When purchasing a house there is so much to think about, not only do you have to agree a price with the seller, get approval from your mortgage provider, liaise with estate agents and then you discover there are a number of different surveys available. To the average house buyer the differences between a valuation report, a building survey, a home buyer’s report, a condition report and the home condition survey can be blurred. All may seem to be the survey that you require as a house buyer but the subtle differences between them make some better placed than others to give you the relevant information and advice.
We will have a look at the Home Condition Survey in this article and highlight what makes this report different to the other options, providing you with a clearer understanding on how it may be the best option for you. Once you have worked out the best style of survey for your purposes, the next issue can be finding a surveyor to carry the work out for you. There are a few handy hints that can place you in a good position and ensure you not only receive the right report for your next property but also the best person completing it.
Home Condition Report
A Home Condition Report is one of the most comprehensive surveys you can have undertaken on a house you are purchasing, alongside a full building or structural survey. These reports can only be undertaken by fully qualified and accredited surveyors and provide detail on the property in a clear and easy to understand format. After a Home Condition Report has been completed, you will receive a document that goes through each element of the structure and gives it a rating of 1 to 3. A rating of 1 means that element is in good order and a rating of 3 indicates that there is a problem the will need to be addressed.
It is important to note that all surveys do not look deeper than the walls or floorboards, however a Home Condition Report should give you some of the surveyor’s opinions into potential issues within these areas. As well as highlighting any potential issues, a Home Condition Report will generally provide you with some advice on how to go about sorting a number of the more common issues it has raised.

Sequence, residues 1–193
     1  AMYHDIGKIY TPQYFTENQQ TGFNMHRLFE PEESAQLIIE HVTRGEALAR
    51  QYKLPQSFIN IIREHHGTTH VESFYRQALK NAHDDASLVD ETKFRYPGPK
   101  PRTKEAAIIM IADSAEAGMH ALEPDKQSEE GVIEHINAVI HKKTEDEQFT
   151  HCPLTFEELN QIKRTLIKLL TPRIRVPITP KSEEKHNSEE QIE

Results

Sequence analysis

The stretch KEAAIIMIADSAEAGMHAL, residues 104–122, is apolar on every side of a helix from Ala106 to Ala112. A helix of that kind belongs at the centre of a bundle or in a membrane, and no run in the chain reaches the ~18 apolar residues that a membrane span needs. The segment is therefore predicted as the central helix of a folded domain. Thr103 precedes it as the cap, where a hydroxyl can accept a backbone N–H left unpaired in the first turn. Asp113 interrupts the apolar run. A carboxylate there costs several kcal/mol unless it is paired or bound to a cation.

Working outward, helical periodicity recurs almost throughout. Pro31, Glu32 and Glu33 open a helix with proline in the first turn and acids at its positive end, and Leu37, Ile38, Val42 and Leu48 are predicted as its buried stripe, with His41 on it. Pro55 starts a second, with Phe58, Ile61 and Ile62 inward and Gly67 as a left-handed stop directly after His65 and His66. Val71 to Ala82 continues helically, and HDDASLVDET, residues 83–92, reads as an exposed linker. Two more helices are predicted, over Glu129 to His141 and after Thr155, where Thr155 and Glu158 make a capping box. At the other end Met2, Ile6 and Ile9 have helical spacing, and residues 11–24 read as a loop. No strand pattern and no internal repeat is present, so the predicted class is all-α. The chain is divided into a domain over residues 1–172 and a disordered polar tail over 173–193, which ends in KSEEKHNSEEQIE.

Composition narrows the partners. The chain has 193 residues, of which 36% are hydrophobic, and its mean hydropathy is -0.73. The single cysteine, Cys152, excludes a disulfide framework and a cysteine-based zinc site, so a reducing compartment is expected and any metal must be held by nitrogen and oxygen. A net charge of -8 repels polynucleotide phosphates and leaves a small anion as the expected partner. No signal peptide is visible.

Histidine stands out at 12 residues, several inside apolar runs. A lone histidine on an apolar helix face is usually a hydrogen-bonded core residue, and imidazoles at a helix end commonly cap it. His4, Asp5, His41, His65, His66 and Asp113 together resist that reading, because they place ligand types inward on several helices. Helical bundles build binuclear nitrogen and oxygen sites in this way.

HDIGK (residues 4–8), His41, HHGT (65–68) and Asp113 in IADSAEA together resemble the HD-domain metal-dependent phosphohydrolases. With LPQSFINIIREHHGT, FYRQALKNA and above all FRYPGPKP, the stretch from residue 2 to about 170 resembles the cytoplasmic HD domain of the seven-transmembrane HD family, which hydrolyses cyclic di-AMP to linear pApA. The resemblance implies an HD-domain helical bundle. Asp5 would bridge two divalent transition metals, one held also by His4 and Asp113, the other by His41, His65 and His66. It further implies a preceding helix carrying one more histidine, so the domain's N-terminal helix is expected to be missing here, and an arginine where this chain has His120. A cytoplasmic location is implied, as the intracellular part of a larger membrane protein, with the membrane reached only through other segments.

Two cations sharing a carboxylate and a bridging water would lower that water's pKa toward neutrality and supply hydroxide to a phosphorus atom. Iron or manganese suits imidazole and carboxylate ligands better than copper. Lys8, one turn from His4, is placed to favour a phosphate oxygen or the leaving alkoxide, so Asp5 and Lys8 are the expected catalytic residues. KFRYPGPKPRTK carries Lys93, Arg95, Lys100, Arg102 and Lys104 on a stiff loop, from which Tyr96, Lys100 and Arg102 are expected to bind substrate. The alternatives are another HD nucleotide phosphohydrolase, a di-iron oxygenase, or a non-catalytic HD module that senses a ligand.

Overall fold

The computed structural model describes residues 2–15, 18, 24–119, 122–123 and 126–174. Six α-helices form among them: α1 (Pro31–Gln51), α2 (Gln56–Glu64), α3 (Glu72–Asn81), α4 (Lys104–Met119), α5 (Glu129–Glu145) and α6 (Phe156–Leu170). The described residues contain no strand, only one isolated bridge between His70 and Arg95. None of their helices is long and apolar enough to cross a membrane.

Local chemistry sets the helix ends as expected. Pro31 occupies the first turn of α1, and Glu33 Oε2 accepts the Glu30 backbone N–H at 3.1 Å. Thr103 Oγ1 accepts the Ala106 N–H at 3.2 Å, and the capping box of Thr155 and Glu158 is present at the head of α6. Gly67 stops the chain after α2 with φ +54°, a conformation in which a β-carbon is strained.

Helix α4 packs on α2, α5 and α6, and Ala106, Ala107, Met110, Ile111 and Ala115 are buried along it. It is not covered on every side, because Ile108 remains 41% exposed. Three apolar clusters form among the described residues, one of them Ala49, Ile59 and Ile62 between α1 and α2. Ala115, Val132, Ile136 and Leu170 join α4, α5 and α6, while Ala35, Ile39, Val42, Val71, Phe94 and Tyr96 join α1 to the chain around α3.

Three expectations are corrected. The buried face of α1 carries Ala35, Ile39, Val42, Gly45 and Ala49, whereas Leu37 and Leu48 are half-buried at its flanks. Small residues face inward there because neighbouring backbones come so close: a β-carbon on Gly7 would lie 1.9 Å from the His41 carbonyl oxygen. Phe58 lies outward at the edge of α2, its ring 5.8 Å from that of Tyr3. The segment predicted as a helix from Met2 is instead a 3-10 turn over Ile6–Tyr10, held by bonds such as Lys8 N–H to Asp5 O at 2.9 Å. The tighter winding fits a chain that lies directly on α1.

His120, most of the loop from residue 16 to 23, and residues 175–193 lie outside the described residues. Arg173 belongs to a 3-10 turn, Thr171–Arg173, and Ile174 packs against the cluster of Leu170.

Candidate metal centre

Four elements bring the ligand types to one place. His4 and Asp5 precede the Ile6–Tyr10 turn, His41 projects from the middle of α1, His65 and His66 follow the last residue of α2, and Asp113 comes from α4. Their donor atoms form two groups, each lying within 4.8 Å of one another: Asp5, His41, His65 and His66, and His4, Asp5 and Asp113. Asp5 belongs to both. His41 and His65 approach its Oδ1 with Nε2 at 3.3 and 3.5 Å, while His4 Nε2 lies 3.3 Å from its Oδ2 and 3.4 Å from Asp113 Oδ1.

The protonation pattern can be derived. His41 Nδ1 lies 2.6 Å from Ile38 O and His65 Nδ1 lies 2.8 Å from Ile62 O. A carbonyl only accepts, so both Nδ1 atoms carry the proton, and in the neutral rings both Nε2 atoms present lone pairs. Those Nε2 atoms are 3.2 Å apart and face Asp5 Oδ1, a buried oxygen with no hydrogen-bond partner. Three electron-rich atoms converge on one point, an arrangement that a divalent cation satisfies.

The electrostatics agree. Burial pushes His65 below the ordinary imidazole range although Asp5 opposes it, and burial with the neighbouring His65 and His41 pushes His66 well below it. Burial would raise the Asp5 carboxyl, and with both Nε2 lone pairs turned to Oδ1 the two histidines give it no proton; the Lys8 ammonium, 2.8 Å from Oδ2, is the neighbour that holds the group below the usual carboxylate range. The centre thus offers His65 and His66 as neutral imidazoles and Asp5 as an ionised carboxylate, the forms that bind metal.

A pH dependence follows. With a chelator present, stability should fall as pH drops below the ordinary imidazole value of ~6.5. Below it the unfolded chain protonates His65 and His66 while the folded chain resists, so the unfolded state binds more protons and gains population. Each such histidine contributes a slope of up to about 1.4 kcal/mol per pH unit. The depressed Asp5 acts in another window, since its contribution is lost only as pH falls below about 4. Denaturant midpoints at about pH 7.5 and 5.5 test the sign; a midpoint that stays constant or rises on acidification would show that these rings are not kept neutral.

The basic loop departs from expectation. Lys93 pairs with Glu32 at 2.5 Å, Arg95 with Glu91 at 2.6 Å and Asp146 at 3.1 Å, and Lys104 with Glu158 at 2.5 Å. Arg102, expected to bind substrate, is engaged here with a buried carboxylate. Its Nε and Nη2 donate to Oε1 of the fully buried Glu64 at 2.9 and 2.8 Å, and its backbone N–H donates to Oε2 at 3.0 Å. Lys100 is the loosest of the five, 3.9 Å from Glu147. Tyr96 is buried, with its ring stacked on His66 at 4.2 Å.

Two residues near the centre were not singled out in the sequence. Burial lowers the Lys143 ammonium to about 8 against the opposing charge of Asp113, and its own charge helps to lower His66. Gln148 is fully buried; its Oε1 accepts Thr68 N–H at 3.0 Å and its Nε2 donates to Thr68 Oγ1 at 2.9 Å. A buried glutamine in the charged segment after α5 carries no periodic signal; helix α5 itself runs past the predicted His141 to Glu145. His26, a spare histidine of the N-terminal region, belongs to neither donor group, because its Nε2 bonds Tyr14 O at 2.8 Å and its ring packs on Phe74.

How to use a Survey
So you have spent money on a survey, it has shown there are a few residual issues in the structure of the property but what do you do with this information? First of all you need to assess what has actually been found via the survey and the potential cost of the repairs. It is a good idea to consult a builder or the surveyor to gain an estimate of how much the repairs are. Once you have a figure you can take this to the seller to renegotiate the price, or at least get an agreement that all the work will be done before the sale of the house is completed.
It is important to have your survey carried out whilst you are not fully committed to a property, this allows you to use a get out clause if you decide that there is just too much work to do. Take into account not only the cost but the length of time and inconvenience the work will cause.
As mentioned, there are a number of different surveys you can choose to carry out on your prospective property, and a lot of people will also see that their mortgage provider is completing a survey and ask, why do I need to carry one out?
The mortgage provider will commission a ‘valuations survey’, this is solely for them to determine if the property you are purchasing is of the value you are borrowing. This survey does not look at any structures or raise any potential issues, it is just to satisfy the bank with regards to the valuation.
You also have RICS (Royal Institute of Chartered Surveyors) Surveys, these are Condition Reports and HomeBuyer Reports. A condition report is a basic survey, and generally the cheapest, that provides a rating based on traffic lights, whereas a Homebuyer goes into more detail and will help you in discovering any structural issues. The highest detail report is a full building survey (often referred to as a structural survey), this goes into great detail on conditions of structural elements and provides you with in depth advice on the repairs. It is similar to the Home Condition Report in many ways but generally more expensive – although it is advisable to talk to a surveyor regarding your options.
How to Find a Surveyor
Often the best way to find a reliable surveyor is through word-of-mouth, a number of friends and family would have gone through the process of buying a house and may have used a surveyor in the past. The other option is to find one online, a good place to look is on the websites of the recognised governing bodies. There are a number of these bodies operating in the UK including RICS, RPSA (Residential Property Surveyors Association) and SAVA (Surveyors & Valuers Accreditation Scheme), and all have lists of surveyors readily available.
Article provided by Alan Rance Surveyors, a partnership of surveyors based near Dunstable and covering Leighton Buzzard and Tring, specialising in surveying homes and giving clients an easy to read report of their new home.